Following the judge’s decision regarding the illegality of GCC trying to close our libraries, at the end of last year a small group of FoML members met with Stephen Draper (Chair of the Parish Council Steering Committee on the Future of the Library). FoML gave Stephen some very telling statistics regarding the profile of residents of Minchinhampton to make a very strong case on the grounds of equality that Minchinhampton Library should remain within the Public Library Service. Stephen immediately sent a communication to GCC saying that on the grounds of equality we would like GCC to totally review their decision to withdraw Public Library status for Minchinhampton and replace it with Community Library status. However, we hear that Nick Hirst, the Chairman of MPC, still favours a digital virtual reality modernisation of the library service, although FoML consistently points out that this does not actually fit with the needs of current library users in Minchinhampton.
Additionally, there was a very positive meeting between John Holland and Demelza of the Friends of Gloucestershire Libraries and the Officers of GCC – Jo Grills & Duncan Jordan, newly appointed to oversee the library changes. Here is an extra from the summary of the meeting:
“The meeting felt quite positive. We were able to put across the concerns which many of you have shared with us about the process last time round, and make some suggestions for how things could be done better this time – they seemed to take many of our comments on board and took copious notes.
Jo confirmed that the council will be in ongoing discussions with the Equalities and Human Rights Commission before the new strategy is announced on January 20th, and that a new needs analysis for the service is being undertaken at present. A consultation process will follow the January 20th announcement.
We left the meeting feeling that Jo is committed to getting things right this time, although of course, she is not the only person involved so vigilance in all of our local communities is still needed, and we believe local community groups should continue to take John’s advice (given at the public meeting) to get in touch with GCC now to ensure they are aware of the needs within your community, rather than waiting for the post-strategy consultation.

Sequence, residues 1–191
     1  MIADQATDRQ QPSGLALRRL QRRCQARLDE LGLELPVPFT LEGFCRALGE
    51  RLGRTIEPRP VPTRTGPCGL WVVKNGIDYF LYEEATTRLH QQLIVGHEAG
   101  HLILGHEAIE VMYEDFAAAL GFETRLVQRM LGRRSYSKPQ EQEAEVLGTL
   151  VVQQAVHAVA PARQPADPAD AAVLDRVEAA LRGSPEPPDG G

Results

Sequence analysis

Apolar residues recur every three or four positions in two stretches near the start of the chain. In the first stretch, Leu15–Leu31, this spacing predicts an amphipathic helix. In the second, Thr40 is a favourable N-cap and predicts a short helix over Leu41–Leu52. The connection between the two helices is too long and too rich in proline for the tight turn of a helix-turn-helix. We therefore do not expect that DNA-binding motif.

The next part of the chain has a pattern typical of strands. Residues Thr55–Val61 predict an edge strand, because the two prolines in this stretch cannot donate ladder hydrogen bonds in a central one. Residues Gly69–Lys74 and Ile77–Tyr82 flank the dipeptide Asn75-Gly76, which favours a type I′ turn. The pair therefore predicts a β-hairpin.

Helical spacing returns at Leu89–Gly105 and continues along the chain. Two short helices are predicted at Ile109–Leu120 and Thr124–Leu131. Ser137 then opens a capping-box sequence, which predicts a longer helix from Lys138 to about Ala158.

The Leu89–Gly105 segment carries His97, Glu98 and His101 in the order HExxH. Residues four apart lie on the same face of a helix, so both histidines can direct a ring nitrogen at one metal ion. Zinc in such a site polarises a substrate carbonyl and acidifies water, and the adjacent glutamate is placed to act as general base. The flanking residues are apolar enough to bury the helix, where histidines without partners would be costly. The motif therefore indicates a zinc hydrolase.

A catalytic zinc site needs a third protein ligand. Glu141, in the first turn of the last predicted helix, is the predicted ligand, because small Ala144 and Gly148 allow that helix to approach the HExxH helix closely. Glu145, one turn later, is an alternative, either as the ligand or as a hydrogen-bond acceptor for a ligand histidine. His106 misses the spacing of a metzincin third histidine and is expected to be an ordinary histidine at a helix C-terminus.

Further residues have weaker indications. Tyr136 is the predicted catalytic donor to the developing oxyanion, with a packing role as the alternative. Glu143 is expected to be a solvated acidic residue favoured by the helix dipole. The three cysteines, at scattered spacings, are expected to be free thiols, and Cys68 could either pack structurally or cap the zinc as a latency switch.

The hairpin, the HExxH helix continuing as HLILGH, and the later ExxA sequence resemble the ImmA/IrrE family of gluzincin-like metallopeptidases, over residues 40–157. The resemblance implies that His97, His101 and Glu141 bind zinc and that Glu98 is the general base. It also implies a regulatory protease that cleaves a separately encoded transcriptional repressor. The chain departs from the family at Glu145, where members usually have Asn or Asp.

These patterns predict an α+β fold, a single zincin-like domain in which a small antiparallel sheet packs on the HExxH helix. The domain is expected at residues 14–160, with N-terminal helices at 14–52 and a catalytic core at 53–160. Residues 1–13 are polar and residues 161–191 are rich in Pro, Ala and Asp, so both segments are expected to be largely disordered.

More than anything else we were relieved to finally be involved in a constructive dialogue, something that has been entirely missing so far, and hope this is the start of a much better relationship going forward.”
So wait to see what the new library proposals of 20th January 2012 will be and we hope that good sense will prevail and Minchinhampton Library will remain open as a Public Library.
If you would like to write to GCC with your concerns please email
Jo Grills email@example.com
here is a summary of the 14th December Public Meeting that may be of help in writing your email:
A public meeting was held in Gloucester last night to discuss the future of the public library service in the county. Library users came from many different communities
across Gloucestershire. In a packed meeting hall at the GAVCA offices on Eastgate Street, the front row was reserved for invited senior members of the County Council administration. Several speakers expressed their disappointment that
Gloucestershire County Council administration and officers responsible for library services had declined an invitation to the meeting. The meeting was being held following the recent High Court ruling that the County Council’s proposed changes to the library service were illegal, and had completely quashed all the council’s cuts to library services. The news that the Equality and Human Rights Commission had been called in to help ensure that the Council comply with equality legislation when drawing up their revised library strategy was warmly welcomed.
But many serious concerns were raised, including –
Why is the County Council refusing to talk to users until after they have drawn up their proposals in January?
Would the date for the new library proposals of 20 January 2012 really allow the council time to conduct a through, equaitbale and lawful review?
Why is the council still promoting community funded and run libraries despite the fact that the judge had declared the proposals to be illegal?
Why had the County Council spent over £100,000 on legal fees and gone to the High Court instead of listening to the views of the people of Gloucestershire?
Why did the County Council make staff redundant before the High Court ruling, with the same staff now re-employed on temporary contracts and at great expense?
Why does the County Council not explain how volunteers can have access to the library computer system when this is known to break the Data Protection Act?
Why are the cuts in Gloucestershire more severe than anywhere else in the country? In Oxfordshire, for example, no libraries are being closed, and opening hours have been
reduced but the buildings have been kept within the statutory service so that future restoration is possible. John Holland